Laichwiltach Family Life Society is receiving funding to help with their Hama?Elas community kitchen, Kwesa Place and to help coordinate their work in helping people experiencing homelessness.
Earlier this year, the Strathcona Regional District announced a successful application for the Union of BC Municipalities Strengthening Communities’ Services Grant, the goal of which is to “improve the health and safety of unsheltered people experiencing homelessness, reduce related community impacts, improve service coordination and increase local capacity for service delivery.”
The SRD partnered with the Coalition to End Homelessness and a number of other groups — including Laichwiltach Family Life Society — to bring the most money possible into the area to help address homelessness and other related issues. Of the total $1,020,279, LFLS will be receiving $205,000 to help with the operations of the Hama?Elas Community Kitchen, as well as a few new staffing positions.
“We just hired someone to oversee the kitchen, oversee the volunteers, oversee all of the ordering of supplies and all the stuff that goes with that,” said Laichwiltach Family Life Society executive director Audrey Wilson about the food security coordinator.
“Ian (Baikie) is a big part of that program downtown, just keeping it going,” she said. “I can’t even count how many hours (Ian) has done to volunteer. When they put the kitchen together, that was all volunteer hours. He’s looking forward to having someone who is going to take that responsibility on and oversee it so he can step back.”
Baikie’s counterpart at Kwesa Place next door to Hama?Elas is Shawn Decaire. Wilson said part of the funds will be to bring on another staff person to help Decaire in his operation.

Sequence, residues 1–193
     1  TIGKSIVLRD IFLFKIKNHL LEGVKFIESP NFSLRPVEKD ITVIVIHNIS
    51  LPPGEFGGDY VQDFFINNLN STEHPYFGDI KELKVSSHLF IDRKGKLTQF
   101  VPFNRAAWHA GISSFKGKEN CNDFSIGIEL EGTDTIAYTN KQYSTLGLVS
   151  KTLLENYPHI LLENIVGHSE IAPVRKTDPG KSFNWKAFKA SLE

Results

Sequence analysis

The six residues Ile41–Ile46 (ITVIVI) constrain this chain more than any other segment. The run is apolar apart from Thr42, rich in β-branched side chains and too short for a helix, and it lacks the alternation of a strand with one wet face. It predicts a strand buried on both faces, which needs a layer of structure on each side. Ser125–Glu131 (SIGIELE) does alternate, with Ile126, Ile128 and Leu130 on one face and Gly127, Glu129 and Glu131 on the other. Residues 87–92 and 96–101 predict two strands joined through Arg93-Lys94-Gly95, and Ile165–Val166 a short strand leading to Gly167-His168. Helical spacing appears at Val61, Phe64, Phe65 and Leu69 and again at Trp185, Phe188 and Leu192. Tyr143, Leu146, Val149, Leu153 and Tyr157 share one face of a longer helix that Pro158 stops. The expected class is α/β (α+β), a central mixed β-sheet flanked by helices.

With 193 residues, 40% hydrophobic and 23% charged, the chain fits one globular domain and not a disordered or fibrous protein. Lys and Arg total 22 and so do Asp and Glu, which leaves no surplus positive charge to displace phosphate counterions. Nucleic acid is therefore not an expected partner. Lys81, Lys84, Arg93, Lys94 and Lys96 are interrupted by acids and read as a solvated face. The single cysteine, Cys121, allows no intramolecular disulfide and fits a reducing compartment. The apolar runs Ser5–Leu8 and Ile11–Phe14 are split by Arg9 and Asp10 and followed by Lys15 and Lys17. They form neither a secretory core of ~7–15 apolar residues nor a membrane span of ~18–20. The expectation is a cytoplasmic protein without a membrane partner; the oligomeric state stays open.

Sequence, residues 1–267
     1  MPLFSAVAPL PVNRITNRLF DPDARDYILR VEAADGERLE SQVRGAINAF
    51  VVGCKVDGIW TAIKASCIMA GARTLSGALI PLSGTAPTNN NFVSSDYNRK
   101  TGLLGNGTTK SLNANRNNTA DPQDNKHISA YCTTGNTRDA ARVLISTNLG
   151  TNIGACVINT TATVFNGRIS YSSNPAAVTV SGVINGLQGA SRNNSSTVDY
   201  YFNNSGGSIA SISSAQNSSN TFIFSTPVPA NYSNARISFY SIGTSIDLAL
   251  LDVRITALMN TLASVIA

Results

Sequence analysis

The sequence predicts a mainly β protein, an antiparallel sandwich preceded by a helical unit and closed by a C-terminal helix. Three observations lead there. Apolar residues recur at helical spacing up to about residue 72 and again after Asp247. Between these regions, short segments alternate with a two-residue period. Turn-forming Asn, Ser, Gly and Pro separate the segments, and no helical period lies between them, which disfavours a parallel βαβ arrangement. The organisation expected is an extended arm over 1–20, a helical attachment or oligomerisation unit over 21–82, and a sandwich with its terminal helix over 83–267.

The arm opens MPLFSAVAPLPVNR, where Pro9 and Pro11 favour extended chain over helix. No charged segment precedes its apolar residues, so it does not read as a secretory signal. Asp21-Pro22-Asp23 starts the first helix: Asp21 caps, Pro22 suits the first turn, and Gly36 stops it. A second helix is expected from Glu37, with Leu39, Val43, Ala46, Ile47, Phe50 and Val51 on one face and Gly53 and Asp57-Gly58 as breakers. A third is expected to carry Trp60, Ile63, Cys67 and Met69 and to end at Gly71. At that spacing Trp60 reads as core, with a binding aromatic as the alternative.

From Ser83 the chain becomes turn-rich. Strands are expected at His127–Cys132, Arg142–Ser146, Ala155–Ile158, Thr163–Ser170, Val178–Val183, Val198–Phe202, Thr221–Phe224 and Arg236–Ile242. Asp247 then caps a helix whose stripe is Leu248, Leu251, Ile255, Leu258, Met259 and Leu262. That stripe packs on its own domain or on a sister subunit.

“I had a couple of my staff alternating to go down and be supports to the program, but what we were finding is that we really need to have somebody there that is there the same time as Shawn,” Wilson said. “There’s a lot of one-on-one support. Getting people to detox, getting some to treatment, or helping them fill out paperwork, we need a body that is responsible for that.”
The third other position funded by the grant is an Urban Indigenous Housing and Wellness coordinator. In addition to running meetings of the Urban Indigenous Housing Coalition, Wilson said “it’s also about trying to look at ways that we can get community to do more low income housing. There’s definitely not enough in Campbell River. I know that’s an ongoing issue.”
“It’s trying to look to get Indigenous housing, specifically. That seems to be a real gap in our community. There’s not enough low-income housing, and B.C. Housing doesn’t seem to be creating low income housing anymore. They bought Riverside for low-income, and mainly a lot of the people who went in there were the people from 9th avenue, the fire there.”
Hopefully, Wilson said, the rest of the funding will help with that.
“Lots of good things are going to happen. There’s a lot of good partnerships that have been created with this. It’s been good to see it happen.”